Chemical Engineering and Industrial Chemistry

Machine Learning as a Tool to Engineer Microstructures: Morphological Prediction of Tannin-Based Colloids Using Bayesian Surrogate Models


Oxidized tannic acid (OTA) is a useful biomolecule with a strong tendency to form complexes with metals and proteins. In this study we open the possibility to further the application of OTA when assembled as supramolecular systems, which typically exhibit functions that correlate with shape and associated morphological features. We use artificial intelligence (AI) to selectively engineer OTA into particles encompassing 1-dimensional (1D) to 3-dimensional (3D) constructs. We employed Bayesian regression to correlate colloidal suspension conditions (pH and pKa) with the size and shape of the assembled colloidal particles. Fewer than 20 experiments were found to be sufficient to build surrogate model landscapes of OTA morphology in the experimental design space, which were chemically interpretable and endowed predictive power on data. We produced multiple property landscapes from the experimental data, helping us to infer solutions that would satisfy, simultaneously, multiple design objectives. The balance between data efficiency and the depth of information delivered by AI approaches testify to their potential to engineer particles, opening new prospects in the emerging field of particle morphogenesis, impacting bioactivity, adhesion, interfacial stabilization and other functions inherent to OTA.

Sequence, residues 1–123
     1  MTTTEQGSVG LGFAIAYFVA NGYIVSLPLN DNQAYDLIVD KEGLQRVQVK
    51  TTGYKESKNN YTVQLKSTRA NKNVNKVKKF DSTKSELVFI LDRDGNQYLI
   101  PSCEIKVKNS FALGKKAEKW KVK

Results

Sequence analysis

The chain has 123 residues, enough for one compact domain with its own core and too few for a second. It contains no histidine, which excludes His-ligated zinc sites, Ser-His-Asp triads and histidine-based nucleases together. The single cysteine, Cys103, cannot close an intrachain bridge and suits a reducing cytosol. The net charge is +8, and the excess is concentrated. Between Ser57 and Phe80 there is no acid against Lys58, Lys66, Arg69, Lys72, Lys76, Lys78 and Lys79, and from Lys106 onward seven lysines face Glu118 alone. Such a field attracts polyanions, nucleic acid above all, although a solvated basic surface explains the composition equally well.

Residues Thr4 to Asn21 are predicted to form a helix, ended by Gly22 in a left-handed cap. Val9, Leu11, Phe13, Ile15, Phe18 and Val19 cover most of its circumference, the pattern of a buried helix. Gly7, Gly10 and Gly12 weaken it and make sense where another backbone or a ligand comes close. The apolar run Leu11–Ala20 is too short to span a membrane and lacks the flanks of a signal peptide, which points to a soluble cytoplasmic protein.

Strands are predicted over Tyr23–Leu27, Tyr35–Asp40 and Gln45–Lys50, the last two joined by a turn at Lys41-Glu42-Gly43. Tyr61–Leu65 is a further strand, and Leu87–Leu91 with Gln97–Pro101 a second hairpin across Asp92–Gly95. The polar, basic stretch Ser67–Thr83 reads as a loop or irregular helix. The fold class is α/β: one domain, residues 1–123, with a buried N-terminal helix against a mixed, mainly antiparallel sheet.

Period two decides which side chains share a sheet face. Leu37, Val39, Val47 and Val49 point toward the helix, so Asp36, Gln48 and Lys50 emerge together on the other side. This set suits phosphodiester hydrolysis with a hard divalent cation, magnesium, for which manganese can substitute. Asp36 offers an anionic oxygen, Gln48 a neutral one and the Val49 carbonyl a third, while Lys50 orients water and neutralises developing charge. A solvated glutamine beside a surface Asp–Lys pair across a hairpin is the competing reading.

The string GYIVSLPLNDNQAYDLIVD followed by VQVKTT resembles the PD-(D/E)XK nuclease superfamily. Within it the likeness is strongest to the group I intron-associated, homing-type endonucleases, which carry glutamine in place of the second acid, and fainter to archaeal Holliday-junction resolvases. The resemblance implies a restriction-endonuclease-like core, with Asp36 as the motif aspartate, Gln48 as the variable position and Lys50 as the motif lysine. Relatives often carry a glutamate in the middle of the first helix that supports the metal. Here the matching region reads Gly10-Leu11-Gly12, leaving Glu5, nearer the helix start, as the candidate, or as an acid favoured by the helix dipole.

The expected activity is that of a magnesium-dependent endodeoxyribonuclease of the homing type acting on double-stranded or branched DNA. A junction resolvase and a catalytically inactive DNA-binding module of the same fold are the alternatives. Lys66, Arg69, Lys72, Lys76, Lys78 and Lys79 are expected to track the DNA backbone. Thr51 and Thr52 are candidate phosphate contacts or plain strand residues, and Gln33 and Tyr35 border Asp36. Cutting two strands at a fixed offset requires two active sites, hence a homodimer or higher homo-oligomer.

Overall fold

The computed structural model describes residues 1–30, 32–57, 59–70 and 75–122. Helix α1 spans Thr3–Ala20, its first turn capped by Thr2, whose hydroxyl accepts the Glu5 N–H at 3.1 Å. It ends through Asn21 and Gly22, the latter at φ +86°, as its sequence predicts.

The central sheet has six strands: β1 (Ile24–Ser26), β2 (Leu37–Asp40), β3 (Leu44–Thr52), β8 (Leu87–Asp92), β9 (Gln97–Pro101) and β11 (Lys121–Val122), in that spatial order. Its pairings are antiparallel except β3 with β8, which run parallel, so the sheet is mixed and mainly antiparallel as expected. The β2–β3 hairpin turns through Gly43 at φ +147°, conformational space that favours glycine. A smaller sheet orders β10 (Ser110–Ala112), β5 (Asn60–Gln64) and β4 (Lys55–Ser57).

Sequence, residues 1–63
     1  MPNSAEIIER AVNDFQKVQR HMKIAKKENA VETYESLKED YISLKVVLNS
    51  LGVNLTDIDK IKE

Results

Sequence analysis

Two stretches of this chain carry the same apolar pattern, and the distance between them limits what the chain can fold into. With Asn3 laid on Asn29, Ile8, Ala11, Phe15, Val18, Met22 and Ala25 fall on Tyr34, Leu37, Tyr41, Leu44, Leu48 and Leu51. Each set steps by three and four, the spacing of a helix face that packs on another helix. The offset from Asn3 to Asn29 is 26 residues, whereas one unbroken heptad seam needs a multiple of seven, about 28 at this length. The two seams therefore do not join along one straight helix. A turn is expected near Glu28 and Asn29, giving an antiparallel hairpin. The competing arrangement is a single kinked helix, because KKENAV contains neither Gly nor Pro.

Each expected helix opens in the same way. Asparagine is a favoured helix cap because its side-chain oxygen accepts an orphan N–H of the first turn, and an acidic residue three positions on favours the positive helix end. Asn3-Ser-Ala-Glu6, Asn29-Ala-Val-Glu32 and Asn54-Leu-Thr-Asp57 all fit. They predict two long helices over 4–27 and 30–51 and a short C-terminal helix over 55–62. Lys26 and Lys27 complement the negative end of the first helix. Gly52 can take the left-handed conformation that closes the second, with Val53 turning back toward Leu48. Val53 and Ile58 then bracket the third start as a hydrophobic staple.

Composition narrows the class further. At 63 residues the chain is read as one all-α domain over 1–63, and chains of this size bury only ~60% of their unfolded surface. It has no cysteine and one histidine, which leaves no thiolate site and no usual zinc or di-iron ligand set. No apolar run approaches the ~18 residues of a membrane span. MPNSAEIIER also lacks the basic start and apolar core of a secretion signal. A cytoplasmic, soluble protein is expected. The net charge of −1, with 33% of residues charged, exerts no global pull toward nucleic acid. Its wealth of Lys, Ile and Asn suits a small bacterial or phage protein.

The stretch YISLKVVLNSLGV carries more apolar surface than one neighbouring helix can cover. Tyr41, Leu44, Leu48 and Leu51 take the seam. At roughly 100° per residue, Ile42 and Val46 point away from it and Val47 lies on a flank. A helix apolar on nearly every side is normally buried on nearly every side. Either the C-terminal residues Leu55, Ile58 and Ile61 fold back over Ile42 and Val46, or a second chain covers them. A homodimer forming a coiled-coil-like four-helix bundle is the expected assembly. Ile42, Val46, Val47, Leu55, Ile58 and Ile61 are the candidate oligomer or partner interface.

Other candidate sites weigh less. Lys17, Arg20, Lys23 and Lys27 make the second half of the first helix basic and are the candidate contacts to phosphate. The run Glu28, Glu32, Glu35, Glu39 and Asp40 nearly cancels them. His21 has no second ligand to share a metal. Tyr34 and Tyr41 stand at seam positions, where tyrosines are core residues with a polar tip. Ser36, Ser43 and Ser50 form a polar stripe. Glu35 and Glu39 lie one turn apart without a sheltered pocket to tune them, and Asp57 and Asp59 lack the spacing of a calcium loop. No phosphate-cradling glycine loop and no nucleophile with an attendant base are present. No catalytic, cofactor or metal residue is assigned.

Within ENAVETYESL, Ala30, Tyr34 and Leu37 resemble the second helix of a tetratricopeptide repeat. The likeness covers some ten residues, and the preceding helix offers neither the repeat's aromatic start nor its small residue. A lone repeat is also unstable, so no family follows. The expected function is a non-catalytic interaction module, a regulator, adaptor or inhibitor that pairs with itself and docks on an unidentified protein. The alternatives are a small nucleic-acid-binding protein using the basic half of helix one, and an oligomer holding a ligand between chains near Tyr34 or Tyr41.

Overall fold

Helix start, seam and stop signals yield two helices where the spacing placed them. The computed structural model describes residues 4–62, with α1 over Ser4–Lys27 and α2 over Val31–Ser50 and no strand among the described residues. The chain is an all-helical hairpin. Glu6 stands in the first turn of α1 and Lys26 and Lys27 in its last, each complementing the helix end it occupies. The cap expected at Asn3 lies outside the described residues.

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Supplementary material

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Final Supplementary material